in 1972, changed its name to Emerald Green during an ownership change in the
early 2000s when a 50-room condo hotel and 56 townhomes were built on the
property. The recession hit
the club hard and Santosh Govindaraju’s
Convergent Capital Partners bought it for less
than $500,000 out of foreclosure. Convergent spent about $1 million on
member-focused improvements including course renovations, a new bar in the
clubhouse and pool deck landscaping. They also built a bocce court outside the
front of the courthouse.
Golf clubs are not exactly what Convergent does.
Renovating an office building in downtown Tampa to become an upscale Aloft
Hotel and making an offer to rehab the flailing Channelside Bay Plaza are more
The company sold CCC to Concert Golf Partners for about
$6 million in June led by Tampa native Peter Nanula. Concert has four clubs now
with a goal of acquiring up to eight or 10, Green said. Concert has spent about
$500,000 on capital improvements including retrofitting the maintenance shed,
which was still original to the property, and the new signage. “A benefit of
having two ownership groups over the past two years is both saw things that
needed to be invested in,” Green said. Convergent concentrated its capital
improvements on outward-facing, membership-pleasing projects and Concert has
been able to take more back-of-the-house improvements, he said. The club has
about 1,000 members between golf memberships, tennis memberships and general
memberships and Green’s goal is to add 500 more during the rebranding.
Zoning Officials Reject Cemetery Plan Near Carrollwood Village
Bill Varian, Times Staff Writer
BILL VARIANTampa Bay Times
Tuesday, August 13, 2013 6:20pm
TAMPA — Residents usually show up at zoning hearings to protest proposed changes that would intensify development next door by allowing a Walmart or an all-night convenience store.
Carrollwood Village residents turned out in force at a hearing Tuesday to protest a change that would have allowed a cemetery next to their neighborhood west of Dale Mabry Highway.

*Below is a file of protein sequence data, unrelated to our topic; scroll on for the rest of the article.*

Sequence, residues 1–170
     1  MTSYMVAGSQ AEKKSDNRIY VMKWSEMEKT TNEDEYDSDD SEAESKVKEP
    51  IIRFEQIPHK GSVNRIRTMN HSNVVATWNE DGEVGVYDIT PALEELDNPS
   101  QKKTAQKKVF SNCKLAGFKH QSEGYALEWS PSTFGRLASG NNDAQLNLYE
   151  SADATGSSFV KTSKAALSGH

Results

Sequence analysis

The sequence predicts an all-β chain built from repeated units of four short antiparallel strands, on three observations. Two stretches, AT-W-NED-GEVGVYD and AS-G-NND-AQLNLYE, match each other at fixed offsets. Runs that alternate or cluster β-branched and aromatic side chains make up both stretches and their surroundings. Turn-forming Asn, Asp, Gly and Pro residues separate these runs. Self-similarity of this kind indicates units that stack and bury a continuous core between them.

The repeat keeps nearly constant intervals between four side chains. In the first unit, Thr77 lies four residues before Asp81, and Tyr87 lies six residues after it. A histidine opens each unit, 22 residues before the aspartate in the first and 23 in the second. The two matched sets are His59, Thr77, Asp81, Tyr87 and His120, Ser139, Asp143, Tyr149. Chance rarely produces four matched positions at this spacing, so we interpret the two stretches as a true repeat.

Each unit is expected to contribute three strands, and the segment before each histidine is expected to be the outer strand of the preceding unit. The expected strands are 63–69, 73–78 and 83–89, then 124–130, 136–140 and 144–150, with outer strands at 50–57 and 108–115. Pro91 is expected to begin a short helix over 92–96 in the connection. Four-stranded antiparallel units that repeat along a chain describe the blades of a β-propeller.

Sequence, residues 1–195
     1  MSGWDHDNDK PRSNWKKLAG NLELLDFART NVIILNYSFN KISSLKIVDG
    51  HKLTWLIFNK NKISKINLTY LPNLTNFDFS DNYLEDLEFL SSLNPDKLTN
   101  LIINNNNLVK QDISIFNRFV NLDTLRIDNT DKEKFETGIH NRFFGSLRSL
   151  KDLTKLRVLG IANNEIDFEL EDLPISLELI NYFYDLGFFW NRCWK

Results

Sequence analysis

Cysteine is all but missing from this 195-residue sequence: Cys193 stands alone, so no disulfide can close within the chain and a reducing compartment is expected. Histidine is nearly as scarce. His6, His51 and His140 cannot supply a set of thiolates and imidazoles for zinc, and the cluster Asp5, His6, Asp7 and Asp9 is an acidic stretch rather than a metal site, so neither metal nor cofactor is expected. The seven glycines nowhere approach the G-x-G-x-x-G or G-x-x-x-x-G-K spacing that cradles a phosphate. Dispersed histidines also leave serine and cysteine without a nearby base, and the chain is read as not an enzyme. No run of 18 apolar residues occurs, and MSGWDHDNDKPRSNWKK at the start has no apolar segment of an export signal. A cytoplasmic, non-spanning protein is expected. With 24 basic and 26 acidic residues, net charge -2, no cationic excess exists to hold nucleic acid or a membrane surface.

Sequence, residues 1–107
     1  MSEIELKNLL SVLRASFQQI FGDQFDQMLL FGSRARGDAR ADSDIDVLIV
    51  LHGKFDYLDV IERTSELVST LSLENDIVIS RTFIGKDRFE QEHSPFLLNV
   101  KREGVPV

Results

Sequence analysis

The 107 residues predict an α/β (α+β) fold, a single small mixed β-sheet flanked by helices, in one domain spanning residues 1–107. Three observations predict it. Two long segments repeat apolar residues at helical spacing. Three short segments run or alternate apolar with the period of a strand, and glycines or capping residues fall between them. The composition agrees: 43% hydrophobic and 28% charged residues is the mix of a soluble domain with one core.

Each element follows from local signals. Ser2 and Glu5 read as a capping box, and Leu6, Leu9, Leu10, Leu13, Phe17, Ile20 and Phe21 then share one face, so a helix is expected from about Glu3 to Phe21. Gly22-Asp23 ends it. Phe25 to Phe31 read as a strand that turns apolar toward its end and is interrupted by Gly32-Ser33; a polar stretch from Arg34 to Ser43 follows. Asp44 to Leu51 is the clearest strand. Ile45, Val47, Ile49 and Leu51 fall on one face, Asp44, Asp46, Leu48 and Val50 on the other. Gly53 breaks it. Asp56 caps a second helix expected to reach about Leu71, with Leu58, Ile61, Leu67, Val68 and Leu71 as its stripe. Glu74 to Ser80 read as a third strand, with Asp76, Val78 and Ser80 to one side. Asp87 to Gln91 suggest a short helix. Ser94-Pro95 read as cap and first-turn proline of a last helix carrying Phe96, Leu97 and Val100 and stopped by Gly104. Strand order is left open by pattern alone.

Commissioners voted unanimously to deny a request to change the zoning on 3 acres of the 18-acre St. Paul Catholic Church land that would have allowed for the burial of its parishioners.
Commission Chairman Ken Hagan, who described himself as an "extremely progrowth" board member whose wife attends St. Paul's, made the motion to deny the change. He said he didn't buy residents' arguments that a cemetery would add to traffic congestion in the area, because funerals are already held at the church.
"However, I cannot imagine a more inappropriate use than a cemetery on this property," Hagan said.
The board vote came despite recommendations from a hearing officer and staff that it should be approved. No review agencies raised objections.
Residents have been protesting the proposal for weeks. Aside from the traffic concerns, some cited the potential that a cemetery would decrease their home values. Attorneys who live in Carrollwood Village and represented their neighbors for free said some people who now have views of trees would look out over gravestones.
But commissioners aren't supposed to reject zoning changes because nearby residents simply don't like what may go there. The proposal has to run counter to county growth and development guidelines.
So the neighbor-lawyers argued that a new cemetery, usually allowed in rural areas, was not compatible with what has become an urban part of the county. That's the argument Hagan seized upon.